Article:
6

I came across something that had favorite works of characters.

One was:

「好きな漫画」

『神風怪盗◯ャンヌ』

And another was:

「好きな映画」

『ゴッド◯ァーザー』

Is this simply a way of not actually putting the titles to avoid copyright issues? Is this common?

10

It is, and it is. It's a way to make references to well-known works without the legal headaches that using the actual copyrighted title would. This is quite common in parodies - Gintama for example has used this trick to no end; the anime does this instead by bleeping out a syllable or two as the character states the name.

I could be wrong, but from my experience it seems like the kind of thing that would be out-of-place in more serious works. I can't remember seeing it used for anything other than humorous effect, but I don't know that that never happens.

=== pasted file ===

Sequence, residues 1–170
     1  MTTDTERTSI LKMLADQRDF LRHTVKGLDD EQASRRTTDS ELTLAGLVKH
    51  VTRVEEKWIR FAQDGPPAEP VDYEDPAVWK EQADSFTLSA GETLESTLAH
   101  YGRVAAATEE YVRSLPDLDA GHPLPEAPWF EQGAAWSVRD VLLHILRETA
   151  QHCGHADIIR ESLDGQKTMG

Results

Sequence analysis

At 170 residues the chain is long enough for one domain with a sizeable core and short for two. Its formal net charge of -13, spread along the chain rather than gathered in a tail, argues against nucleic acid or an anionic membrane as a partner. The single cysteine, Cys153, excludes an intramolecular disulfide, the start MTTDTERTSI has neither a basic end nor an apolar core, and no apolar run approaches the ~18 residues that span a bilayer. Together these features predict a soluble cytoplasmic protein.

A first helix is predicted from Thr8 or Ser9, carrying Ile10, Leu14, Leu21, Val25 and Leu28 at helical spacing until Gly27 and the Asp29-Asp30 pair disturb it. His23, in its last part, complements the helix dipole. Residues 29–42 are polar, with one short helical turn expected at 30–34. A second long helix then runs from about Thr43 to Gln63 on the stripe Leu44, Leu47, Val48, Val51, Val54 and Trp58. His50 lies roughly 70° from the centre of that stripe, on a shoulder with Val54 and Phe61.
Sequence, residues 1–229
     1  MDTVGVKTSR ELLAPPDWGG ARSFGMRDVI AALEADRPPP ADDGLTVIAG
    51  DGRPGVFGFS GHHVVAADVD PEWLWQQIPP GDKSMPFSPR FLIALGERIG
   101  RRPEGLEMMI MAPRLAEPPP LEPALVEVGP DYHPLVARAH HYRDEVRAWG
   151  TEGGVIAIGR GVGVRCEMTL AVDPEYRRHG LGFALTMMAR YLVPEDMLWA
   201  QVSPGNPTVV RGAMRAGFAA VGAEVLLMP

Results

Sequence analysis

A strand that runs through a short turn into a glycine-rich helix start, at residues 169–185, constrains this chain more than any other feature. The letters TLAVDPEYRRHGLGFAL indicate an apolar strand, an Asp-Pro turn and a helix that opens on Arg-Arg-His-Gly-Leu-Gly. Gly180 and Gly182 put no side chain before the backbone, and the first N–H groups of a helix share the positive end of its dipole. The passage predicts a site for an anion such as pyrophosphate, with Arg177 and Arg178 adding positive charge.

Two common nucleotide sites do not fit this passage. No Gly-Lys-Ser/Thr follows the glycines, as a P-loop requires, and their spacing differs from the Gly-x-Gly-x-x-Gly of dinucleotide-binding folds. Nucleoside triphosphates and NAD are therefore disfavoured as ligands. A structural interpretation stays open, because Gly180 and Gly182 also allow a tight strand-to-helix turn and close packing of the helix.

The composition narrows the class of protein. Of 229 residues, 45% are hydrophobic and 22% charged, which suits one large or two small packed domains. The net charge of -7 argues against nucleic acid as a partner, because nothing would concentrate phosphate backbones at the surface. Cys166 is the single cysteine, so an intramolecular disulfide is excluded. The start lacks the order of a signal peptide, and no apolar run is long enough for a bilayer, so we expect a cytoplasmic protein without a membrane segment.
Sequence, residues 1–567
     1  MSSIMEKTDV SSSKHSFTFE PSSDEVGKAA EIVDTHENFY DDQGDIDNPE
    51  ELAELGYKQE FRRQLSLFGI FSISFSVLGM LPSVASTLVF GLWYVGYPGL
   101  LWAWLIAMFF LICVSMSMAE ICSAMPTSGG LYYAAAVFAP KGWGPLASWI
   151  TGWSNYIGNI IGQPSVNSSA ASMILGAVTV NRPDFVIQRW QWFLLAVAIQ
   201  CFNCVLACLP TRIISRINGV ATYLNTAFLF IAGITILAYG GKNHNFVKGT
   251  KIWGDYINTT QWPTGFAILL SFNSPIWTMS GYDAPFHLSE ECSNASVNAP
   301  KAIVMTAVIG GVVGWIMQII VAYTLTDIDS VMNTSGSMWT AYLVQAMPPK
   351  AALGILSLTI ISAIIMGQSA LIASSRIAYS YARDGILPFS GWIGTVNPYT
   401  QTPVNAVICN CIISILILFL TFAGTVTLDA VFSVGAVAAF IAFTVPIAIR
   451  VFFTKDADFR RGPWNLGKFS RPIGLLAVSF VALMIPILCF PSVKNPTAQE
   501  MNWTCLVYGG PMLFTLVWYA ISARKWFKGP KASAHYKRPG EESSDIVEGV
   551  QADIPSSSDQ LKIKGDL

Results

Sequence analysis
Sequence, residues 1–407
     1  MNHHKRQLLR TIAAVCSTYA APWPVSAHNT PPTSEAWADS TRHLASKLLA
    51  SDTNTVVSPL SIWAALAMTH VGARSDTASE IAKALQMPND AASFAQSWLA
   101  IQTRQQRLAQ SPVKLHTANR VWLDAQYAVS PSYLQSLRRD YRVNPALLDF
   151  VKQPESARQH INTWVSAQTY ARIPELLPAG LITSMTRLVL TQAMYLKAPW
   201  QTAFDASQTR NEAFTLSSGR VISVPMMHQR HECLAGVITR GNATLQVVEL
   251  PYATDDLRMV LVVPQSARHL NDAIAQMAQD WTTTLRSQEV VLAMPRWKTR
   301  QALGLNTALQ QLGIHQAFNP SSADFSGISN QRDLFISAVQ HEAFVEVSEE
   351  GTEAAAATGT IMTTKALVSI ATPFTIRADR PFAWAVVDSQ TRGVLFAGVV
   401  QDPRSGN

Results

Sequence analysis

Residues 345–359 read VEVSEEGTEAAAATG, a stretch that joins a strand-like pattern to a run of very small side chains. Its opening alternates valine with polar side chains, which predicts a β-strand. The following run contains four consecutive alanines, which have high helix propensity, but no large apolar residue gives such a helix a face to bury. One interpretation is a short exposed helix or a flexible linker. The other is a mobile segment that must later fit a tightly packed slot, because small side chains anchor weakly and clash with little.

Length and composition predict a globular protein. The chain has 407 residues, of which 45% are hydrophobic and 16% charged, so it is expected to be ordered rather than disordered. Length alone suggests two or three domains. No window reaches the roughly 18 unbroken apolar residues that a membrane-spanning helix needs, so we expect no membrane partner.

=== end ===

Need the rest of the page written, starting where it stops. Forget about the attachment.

Names of celebrities and other famous people often get similar treatment.

  • 4
    Humorous effect and copious amounts of pornography. It is use in many AV works to attempt to obfuscate often illegal terms (such as words relating to anything underage even when it isn't) and, along the lines of what you say, parodies and lookalikes of famous people and places. – The Wandering Coder May 29 '15 at 3:52

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